Sparks still fly as Palo Alto mulls decision on eruv

Following months of controversy over whether to put up an eruv in Palo Alto, more than 100 people packed the City Council chambers Feb. 8 to voice their views.

While the meeting of the city council's policy and services committee continued for nearly four hours, with strong opinions on both sides, the overwhelming majority of the 42 speakers as well as the audience clearly favored erecting an eruv. The debate will continue Tuesday, March 14.

An eruv is a symbolic enclosure that uses natural elements and wires or baling twine attached to utility poles to extend the boundaries of home. It enables Orthodox Jews within its boundaries to perform certain acts that are otherwise prohibited outside the home on Shabbat.

"The eruv makes it easier for the traditional Jewish community to observe Shabbat," Steve Rothman, assistant regional director of the American Jewish Committee, told the government body.

The main advantage is that it enables Orthodox women to bring young children to synagogue or to take them outside their own property. Without an eruv, Orthodox Jews are prohibited from carrying a child outside the home or pushing a child in a stroller on Shabbat.

In addition, observant Jews cannot carry prayerbooks, keys, combs, umbrellas or even canes or crutches when they leave the house on the Sabbath.

The Palo Alto eruv would be the first such enclosure in the Bay Area. About 100 U.S. cities currently have eruvim, including Los Angeles, Baltimore, Phoenix, Seattle and Washington, D.C.

At the Palo Alto meeting, opponents voiced strong objections to the erection of an eruv, expressing concern over church-state separation.

Joe Webb, a Woodside resident, said: "The Jewish Orthodox community is asking the city of Palo Alto to officially sanction the establishment of boundaries for the enclosed space. This would violate the First Amendment's establishment clause and the California Constitution's 'no preference' [to any religion] clause."

The city attorney's legal report acknowledged "a very substantial risk of legal challenge if an eruv is approved. But the trend is to err in favor of protecting the free exercise of religion."

The report, by Ariel Pierre Calonne, also acknowledged that some would construe the city's granting permission for the eruv as endorsement of the Orthodox Sabbath restrictions.

Webb cited such dangers as "compromising city sovereignty over public domain, erosion of private property rights and the improper use of the city's police power."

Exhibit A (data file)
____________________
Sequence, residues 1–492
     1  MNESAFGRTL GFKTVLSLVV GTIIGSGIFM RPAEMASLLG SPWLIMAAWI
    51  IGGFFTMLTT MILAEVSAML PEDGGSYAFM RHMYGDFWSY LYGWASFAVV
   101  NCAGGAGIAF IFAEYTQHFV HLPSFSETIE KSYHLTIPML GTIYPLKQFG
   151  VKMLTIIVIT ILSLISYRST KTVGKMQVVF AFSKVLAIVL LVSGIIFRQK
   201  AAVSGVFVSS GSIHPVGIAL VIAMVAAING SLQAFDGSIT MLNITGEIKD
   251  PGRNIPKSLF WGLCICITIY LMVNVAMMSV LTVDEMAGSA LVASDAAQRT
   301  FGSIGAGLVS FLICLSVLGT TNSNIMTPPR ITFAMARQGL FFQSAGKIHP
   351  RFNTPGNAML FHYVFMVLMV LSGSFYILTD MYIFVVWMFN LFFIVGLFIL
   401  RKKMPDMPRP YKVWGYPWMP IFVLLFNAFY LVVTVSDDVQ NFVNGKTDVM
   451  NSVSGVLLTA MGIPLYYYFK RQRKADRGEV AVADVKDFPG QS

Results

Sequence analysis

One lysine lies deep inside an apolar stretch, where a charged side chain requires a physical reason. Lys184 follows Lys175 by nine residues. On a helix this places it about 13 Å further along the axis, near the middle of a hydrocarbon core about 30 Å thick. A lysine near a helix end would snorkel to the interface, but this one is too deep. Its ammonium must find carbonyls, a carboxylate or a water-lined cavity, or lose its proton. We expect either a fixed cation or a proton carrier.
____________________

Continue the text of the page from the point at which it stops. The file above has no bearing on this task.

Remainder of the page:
An official of the Palo Alto Public Works Department raised other concerns, noting that 15 locations where the eruv would be placed involved Caltrans or were jointly owned by Palo Alto and Pacific Bell. He also worried about the clearance and distance of the twine from high-energy conductors.

But Stanley Sussman of Palo Alto, an electrical engineer and physicist, assured the council that the baling twine is non-conductive. "More than 10 million people worldwide live in eruv cities with no awareness of the existence of the eruv," he said.

Rabbi Yitzhok Feldman of Congregation Emek Beracha, formerly the Palo Alto Orthodox Minyan, emphasized that the Orthodox community would "bear every cent of the costs" of the eruv.

Feldman, whose congregation was behind the drive to erect the eruv, added: "In no way does an eruv characterize Palo Alto as a 'Jewish space.' The city is asked to lease us the right to carry on the Jewish Sabbath. Nobody believes Seattle is a 'Jewish zone.'"

Yitzhak Santis, Peninsula regional director of the Jewish Community Relations Council, agreed. "The eruv is not a religious symbol and is not worshipped," he said. "It is a device, an almost invisible boundary allowing secular activities on the Sabbath. There is no 'excessive entanglement' and the city does not pay for it."

Lisa Cohen, chair of the South Peninsula regional committee of the JCRC, said, "The eruv allows a significant and growing segment to express their religious commitment."

Anat Harrel, Santis' wife and an East Palo Alto resident, agreed. She emphasized that current laws discriminate against Jews and favor Christians. "As a Jew, I cannot go to the post office on Sunday because an accommodation has been made for the Christian Sabbath," she said. "I am a teacher, and for me, Christmas and the day after Easter are holidays, while I have to take Yom Kippur and Rosh Hashanah as sick leave."

Those opposing the eruv were also vocal, saying that the eruv would favor Orthodox Judaism, which discriminates against women, and that the eruv, which is not secular in nature, would transform a public domain into a "private Jewish space."

A man representing himself as the "state director of American Atheists" declared his organization's intention to challenge the eruv.

Taking issue, Pulitzer Prize-winning scholar and constitutional historian Jack Raskove, a professor of history and American studies at Stanford, reiterated his support of the eruv.

His recently published Palo Alto Weekly article concluded: "A practice that operates safely and quietly in scores of other American communities, including the nation's capital, all governed at last report under the same Constitution as we are, and which has in fact been validated by both federal and state court decisions, need not be a source of ongoing controversy in Palo Alto."